At Alliance Française on Friday, February 26, 8 pm: Voisins, voisines (2005) by Malik Chibane – 90 mins – France, Comedy. English subtitles.
With Anémone, Jackie Berroyer, Frédéric Diefenthal.
A rapper searching for inspiration in a Paris suburb at "la Résidence Mozart.” He has three days to write his songs for his record company...
– Alliance description
FrenchCulture.org: Mixing a hip-hop sound-track with gritty and at times surrealistic images, Voisins, Voisines explores the multi-ethnic world of the French banlieues, the disadvantaged urban spaces that gained world media attention during the riots of 2005. Director Malik Chibane, the son of Algerian immigrants, reveals in these seemingly dead-end spaces human depth and global resonance that transcend social and ethnic divides.
At Alliance Française on Friday, March 5, 8 pm: Prénom Carmen / First Name: Carmen (1983) by Jean-Luc Godard – 85 mins – France, Drama/ Crime. English subtitles. Generally favorable reviews: 77 out of 100.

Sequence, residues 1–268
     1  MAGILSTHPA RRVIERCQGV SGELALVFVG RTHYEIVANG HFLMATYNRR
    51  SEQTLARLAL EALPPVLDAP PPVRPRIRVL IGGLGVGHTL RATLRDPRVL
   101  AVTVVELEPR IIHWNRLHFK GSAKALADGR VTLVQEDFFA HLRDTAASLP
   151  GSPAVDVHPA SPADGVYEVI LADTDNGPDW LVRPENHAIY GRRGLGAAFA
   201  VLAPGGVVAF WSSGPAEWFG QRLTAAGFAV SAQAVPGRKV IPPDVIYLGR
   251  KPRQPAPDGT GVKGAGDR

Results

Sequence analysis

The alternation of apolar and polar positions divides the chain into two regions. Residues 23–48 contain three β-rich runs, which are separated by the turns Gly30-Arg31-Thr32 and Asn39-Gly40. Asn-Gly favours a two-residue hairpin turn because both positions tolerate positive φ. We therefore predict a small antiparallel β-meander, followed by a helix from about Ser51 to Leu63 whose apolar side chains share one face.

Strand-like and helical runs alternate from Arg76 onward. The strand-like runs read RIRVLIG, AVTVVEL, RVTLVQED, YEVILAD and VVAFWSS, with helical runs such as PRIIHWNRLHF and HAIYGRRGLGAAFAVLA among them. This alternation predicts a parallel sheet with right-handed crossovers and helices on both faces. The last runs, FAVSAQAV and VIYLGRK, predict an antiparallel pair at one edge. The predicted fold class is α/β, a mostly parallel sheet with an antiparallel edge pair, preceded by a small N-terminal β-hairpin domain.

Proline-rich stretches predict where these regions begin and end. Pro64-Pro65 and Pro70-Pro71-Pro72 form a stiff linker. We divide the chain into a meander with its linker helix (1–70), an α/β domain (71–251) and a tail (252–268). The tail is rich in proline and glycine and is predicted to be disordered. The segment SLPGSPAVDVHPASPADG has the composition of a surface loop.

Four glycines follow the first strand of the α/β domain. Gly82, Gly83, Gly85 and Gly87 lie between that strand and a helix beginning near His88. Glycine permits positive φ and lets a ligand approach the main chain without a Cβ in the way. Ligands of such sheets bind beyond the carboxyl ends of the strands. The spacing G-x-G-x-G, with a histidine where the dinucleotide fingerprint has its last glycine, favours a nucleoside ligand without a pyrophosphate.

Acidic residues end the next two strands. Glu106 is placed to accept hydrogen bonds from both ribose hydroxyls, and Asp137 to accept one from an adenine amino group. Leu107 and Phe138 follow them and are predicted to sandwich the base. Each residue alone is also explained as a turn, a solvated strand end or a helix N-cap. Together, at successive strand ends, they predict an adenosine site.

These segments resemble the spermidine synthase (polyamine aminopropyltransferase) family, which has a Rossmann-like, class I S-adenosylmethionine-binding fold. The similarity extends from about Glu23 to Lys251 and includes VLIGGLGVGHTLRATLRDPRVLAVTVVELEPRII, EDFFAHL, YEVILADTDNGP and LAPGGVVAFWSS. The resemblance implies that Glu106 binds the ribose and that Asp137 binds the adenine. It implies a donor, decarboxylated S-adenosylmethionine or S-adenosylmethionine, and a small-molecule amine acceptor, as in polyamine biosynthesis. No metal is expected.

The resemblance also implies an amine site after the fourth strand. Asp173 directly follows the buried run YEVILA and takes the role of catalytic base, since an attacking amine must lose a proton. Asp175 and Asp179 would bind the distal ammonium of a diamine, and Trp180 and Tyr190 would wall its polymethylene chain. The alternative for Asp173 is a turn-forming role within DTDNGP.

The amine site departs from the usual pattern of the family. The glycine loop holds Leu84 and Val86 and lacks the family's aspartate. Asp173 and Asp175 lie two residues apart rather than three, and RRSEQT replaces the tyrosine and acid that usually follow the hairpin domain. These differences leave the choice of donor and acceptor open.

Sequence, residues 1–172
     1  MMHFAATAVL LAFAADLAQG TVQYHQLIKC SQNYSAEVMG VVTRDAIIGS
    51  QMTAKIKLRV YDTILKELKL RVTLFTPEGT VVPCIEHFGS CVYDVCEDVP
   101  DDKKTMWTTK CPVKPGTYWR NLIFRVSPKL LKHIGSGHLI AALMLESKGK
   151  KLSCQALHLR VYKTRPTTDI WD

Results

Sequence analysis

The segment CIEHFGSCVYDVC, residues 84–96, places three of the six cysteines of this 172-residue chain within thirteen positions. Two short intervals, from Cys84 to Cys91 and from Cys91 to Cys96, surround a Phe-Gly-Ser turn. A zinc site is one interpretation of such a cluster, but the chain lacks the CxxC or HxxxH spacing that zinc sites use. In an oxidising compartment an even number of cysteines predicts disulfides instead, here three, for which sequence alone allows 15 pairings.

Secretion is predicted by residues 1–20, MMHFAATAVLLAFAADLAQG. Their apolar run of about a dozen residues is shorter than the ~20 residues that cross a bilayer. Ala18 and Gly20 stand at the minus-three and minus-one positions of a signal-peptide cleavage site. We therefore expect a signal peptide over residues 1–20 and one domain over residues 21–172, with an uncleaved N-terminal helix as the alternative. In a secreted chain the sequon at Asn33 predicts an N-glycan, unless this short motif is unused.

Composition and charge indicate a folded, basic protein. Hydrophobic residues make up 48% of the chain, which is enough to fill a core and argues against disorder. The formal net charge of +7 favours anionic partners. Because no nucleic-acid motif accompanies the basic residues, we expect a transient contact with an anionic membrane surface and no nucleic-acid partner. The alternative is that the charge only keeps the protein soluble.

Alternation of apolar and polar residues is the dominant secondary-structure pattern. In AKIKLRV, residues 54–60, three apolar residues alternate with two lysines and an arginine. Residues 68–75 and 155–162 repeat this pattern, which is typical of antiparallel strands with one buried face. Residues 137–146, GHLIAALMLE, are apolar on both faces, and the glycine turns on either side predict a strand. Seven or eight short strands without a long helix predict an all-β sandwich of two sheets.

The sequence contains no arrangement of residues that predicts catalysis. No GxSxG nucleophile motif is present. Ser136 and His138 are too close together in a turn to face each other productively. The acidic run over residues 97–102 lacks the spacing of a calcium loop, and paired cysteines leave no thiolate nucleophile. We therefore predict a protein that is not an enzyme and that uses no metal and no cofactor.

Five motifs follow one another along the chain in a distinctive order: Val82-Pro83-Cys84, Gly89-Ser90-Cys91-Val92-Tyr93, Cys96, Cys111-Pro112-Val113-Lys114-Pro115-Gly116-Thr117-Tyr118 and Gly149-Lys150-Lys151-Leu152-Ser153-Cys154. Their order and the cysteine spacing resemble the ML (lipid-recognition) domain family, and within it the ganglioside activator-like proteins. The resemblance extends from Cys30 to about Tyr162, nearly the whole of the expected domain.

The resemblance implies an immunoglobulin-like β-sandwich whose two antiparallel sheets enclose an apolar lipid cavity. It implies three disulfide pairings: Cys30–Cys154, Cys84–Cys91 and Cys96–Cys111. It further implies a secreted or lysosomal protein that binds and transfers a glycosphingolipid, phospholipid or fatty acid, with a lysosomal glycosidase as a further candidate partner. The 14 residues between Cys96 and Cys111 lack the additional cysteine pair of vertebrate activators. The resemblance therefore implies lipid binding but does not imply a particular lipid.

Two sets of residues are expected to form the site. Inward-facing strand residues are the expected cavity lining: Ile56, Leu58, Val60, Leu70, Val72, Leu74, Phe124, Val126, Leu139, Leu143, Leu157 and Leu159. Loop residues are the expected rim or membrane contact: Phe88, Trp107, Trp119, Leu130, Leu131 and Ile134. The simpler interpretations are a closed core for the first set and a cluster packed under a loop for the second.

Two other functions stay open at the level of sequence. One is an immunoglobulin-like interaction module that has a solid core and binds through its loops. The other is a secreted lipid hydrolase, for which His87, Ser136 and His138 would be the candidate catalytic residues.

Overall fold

With Maruschka Detmers, Jacques Bonnaffé, Jean-Pierre Mocky, Jean-Luc Godard, Jacques Villeret.
Her name is Carmen. She borrows her uncle’s flat to shoot a film with friends. But at the same time, she is in a terrorist group. After a bank hold up, she runs away with a young policeman in love with her and tells him the film is a pretext to kidnap a powerful businessman…
– Alliance description
Louis Schwartz, All Movie Guide: First Name: Carmen tells the parallel stories of a quartet rehearsing Beethoven and a group of young people robbing a bank, supposedly to get the funds to make a film. Director Jean-Luc Godard attempts to make a film that resembles a string quartet, each of whose parts serves an abstract whole. The film is a meditation on the difficulties of youth in the 1980s, the relations between cinema and capital, and how to film the human body. Godard fills the film with carefully composed shots of bodies playing music, making love, and acting violently. His attention to bodies in First Name: Carmen makes the film's images very close to sculptures, particularly those of Rodin. The film's engagement with painting and sculpture continues Godard's ongoing investigation of the relationships between cinema and other arts.